Live USB with persistence

Vrai

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Testing out a Live USB with persistence of Linux Mint 19.3. People seemed to be having issues with USB's so I decided to give it a test.

I downloaded UNetbootin from their downloads page and ran it from the Terminal.
I had to change the name to match what the command was (./unetbootin-linux).

The application looked very Windows 95ish on my desktop PC running Linux Mint 19.3.
After some poking and prodding I got the correct info loaded. I had an .iso of Linux Mint 19.3 already in my Downloads folder so I used that.

One issue which appeared right away was the USB drive already had MX 19.1 on it and UNetbootin was seeing only the second partition on the USB drive. It did not appear as UNetbootin would format the USB drive for me. So I simply used the Linux Mint USB disk formatter to re-format the drive as FAT32 and the restarted the UNetbootin app.

After that it was pretty straight forward. There were a couple of times where I thought the installation had 'stalled' but even though I was somewhat impatient I LEFT IT ALONE and it finished its' tasks.

The USB was created with an .iso of Linux Mint 19.3 in Live mode with 4 gigabytes of persistent storage.
I then plugged the USB into my 'test' machine - a Dell workstation - and booted it.
Booted up fine :)
Then to test the persistence I installed a couple programs from the Software Manager, made a few text files, downloaded and saved an .mp3 (Jazz), downloaded some images (wallpapers), installed some Firefox extensions and customized Firefox, tweaked my desktop and panel, and rebooted.

All files and changes were saved! :) Yippee!

Then I did a complete shutdown and start-up - just to check. All worked fine. Changes saved.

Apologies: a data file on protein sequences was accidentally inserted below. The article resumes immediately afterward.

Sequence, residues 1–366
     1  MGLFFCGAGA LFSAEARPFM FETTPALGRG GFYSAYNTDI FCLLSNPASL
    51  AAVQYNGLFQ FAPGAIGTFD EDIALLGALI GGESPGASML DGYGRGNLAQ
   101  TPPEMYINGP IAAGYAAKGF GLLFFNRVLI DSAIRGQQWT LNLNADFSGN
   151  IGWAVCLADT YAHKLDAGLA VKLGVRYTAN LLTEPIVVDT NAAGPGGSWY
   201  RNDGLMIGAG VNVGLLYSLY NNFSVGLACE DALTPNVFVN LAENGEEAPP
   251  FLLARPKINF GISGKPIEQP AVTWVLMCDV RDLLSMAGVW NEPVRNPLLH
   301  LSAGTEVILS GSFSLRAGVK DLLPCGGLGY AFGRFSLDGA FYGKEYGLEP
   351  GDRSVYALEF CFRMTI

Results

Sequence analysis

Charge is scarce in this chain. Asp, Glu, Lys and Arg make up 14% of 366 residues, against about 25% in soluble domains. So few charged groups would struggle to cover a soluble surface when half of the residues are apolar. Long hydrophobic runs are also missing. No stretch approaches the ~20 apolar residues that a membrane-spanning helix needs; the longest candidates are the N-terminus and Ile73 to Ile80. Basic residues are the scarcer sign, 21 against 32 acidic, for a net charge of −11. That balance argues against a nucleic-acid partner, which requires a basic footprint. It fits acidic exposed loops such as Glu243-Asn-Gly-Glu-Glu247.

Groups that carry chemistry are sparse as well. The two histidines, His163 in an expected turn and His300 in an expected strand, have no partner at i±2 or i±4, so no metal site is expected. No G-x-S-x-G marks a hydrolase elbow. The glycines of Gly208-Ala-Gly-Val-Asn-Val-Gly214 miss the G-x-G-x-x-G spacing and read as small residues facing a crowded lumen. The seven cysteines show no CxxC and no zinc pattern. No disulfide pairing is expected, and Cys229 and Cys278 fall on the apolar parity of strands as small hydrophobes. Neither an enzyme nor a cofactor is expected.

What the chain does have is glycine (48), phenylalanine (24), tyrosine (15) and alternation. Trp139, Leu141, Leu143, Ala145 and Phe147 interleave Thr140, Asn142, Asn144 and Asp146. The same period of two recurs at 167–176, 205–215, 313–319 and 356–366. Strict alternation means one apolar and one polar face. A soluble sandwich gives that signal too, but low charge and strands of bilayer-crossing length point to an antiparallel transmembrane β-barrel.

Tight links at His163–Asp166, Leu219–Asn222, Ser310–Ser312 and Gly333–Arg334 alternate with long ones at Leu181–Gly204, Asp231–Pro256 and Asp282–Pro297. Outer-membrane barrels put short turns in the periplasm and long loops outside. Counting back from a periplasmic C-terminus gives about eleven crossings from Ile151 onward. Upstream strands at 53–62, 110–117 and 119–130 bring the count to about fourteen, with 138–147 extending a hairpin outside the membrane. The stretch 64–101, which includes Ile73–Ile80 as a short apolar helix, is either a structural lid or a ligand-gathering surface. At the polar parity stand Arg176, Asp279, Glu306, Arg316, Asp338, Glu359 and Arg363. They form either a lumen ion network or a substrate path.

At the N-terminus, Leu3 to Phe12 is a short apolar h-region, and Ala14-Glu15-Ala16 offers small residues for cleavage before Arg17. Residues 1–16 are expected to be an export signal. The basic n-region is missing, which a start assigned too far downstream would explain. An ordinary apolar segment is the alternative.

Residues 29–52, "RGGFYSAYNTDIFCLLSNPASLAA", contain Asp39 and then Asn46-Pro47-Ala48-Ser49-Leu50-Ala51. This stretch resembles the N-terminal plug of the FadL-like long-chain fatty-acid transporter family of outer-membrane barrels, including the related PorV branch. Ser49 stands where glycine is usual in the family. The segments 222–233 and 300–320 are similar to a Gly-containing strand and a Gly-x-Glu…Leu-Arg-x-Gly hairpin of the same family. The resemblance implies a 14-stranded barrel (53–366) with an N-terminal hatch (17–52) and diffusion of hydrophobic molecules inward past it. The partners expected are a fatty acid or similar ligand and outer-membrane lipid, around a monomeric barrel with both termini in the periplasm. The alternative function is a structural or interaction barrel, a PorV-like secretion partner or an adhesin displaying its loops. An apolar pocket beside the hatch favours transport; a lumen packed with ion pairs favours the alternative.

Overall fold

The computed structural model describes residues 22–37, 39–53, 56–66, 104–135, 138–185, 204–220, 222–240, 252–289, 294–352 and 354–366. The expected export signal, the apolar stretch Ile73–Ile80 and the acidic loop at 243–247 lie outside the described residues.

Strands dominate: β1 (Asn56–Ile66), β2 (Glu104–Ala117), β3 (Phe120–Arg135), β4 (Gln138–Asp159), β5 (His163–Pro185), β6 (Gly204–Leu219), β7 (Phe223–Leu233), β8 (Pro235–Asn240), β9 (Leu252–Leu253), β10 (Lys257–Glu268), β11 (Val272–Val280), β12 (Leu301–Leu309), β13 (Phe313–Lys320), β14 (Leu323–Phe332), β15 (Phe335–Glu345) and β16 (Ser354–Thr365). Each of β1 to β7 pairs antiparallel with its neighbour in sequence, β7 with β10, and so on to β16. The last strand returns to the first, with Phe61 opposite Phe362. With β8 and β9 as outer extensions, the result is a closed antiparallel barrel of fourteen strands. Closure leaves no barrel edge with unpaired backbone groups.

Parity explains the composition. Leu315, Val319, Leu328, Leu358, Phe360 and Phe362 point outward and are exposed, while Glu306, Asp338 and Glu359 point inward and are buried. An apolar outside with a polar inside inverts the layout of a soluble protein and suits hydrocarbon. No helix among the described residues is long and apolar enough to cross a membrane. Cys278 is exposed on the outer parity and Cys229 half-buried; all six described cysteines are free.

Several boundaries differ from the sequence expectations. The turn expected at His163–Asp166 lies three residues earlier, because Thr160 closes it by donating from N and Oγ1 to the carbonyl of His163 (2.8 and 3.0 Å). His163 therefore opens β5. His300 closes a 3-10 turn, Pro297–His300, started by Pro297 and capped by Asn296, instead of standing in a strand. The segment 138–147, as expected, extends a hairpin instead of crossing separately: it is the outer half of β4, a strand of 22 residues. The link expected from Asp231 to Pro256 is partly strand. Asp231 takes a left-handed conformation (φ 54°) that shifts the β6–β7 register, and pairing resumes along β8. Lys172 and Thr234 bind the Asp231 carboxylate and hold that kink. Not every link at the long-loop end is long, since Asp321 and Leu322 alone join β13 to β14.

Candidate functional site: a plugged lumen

Then I tried the USB drive in my laptop to see if everything worked.
Yup - it works! I am using it right now to post this.
Wi-fi, bluetooth, touch-pad, everything is working and all files and changes have been preserved.

This is just a really long way of saying - For a bootable Linux USB with persistence - try UNetbootin! :)
 


jglen490

Active Member
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Here may be another way. I don't do the persistence thing, but I understand the usefulness under certain conditions.
 

Vrai

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Here may be another way. I don't do the persistence thing, but I understand the usefulness under certain conditions.
I saw that. But I looked for another way as I don't like adding PPA's to my repositories. (although mkusb seems to be a fine application.)
I also noticed that there seemed to a lot more user friendly apps for Windows users than for Linux users to make bootable USB images with persistence. Disappointing that.
 

Eugor

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Testing out a Live USB with persistence of Linux Mint 19.3. People seemed to be having issues with USB's so I decided to give it a test.

I downloaded UNetbootin from their downloads page and ran it from the Terminal.
I had to change the name to match what the command was (./unetbootin-linux).

The application looked very Windows 95ish on my desktop PC running Linux Mint 19.3.
After some poking and prodding I got the correct info loaded. I had an .iso of Linux Mint 19.3 already in my Downloads folder so I used that.

One issue which appeared right away was the USB drive already had MX 19.1 on it and UNetbootin was seeing only the second partition on the USB drive. It did not appear as UNetbootin would format the USB drive for me. So I simply used the Linux Mint USB disk formatter to re-format the drive as FAT32 and the restarted the UNetbootin app.

After that it was pretty straight forward. There were a couple of times where I thought the installation had 'stalled' but even though I was somewhat impatient I LEFT IT ALONE and it finished its' tasks.